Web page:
Wal-Mart doesn’t sell one specific brand of bread that is gluten free. You can buy the mix of the bread and bake it yourself, which is relatively easy. You can buy the mix in the organic section in Wal-Mart. Honestly, for bread and stuff it’s best to go to an organic store and find a reasonably priced bread if baking it is too much.

Gluten also can hide in dressings and sauces as well. Besides breads, dressings and sauces are the next culprit. Again, check the labels. You can still use flour, rice flour for example if you want to fry things or just use flour in something. Again, the Gluten-Free book I mentioned had tons of alternatives in there.

Hope it helps! Good luck!

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Gluten Free Handbook

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Posted by GlutenFree - April 23, 2013 at 1:24 pm

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What is considered gluten free flour and gluten + flour?

Question by jljjaguar: What is considered gluten free flour and gluten + flour?
I’m doing a science experiment on baking biscuits. I would like to know if i use gluten free flour in place of all purpose flour if it will make a difference in the structure and appearance of the biscuit. Same with gluten added into already gluten flour! but i don’t know how to get that kind of material? Or what is more added gluten? help please!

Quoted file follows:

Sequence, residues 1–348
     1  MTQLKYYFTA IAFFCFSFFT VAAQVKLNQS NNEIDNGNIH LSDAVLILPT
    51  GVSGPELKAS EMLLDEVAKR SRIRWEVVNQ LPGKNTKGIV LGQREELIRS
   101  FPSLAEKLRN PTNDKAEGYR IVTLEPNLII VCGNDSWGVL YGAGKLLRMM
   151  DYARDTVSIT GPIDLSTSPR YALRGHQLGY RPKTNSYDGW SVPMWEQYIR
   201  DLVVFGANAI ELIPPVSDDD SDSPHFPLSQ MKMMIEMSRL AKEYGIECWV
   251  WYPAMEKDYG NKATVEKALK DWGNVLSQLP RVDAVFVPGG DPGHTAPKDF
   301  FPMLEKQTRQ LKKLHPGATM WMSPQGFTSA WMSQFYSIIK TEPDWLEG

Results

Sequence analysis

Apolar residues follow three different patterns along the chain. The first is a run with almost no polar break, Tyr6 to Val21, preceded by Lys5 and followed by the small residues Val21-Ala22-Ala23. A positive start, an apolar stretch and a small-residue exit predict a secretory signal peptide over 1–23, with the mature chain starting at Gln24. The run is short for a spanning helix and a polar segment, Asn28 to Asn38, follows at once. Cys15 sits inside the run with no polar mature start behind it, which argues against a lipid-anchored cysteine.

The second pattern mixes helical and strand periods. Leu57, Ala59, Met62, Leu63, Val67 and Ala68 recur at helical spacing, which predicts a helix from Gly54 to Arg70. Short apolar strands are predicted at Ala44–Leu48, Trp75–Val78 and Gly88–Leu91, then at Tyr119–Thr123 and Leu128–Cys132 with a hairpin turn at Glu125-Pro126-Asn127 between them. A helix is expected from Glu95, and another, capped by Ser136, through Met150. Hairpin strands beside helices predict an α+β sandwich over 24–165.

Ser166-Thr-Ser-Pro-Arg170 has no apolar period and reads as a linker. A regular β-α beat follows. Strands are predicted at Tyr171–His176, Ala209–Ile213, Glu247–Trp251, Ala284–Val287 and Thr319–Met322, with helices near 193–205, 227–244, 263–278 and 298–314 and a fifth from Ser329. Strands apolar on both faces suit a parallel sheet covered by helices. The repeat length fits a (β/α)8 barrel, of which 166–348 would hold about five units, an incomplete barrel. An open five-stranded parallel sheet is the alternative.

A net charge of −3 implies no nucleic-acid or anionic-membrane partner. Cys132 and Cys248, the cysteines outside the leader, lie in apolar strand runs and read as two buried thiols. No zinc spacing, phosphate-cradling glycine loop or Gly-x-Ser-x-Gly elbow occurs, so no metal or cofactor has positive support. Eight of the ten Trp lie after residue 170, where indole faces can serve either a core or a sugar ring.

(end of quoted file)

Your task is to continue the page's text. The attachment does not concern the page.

Best answer:

Answer by tiggsy
Gluten is the protein in wheat, rye, barley, spelt and a few other closely related grains. It’s not in corn, rice, or oats.

Gluten free flour would be flour from something or a mixture, which does not contain gluten.

Some examples: cornstarch, rice flour, potato flour, sorghum flour, soy flour, gram flour (aka garbanzo bean flour, chickpea flour or besan), coconut flour.

You can get gluten free flours in Whole Foods and Trader Joes in the US, I believe. In the UK, most bigger supermarkets will have it, most likely in the “free from” section. For this experiment, I would choose an all purpose gluten free flour mix, or you might like the results using coconut flour if you can get it.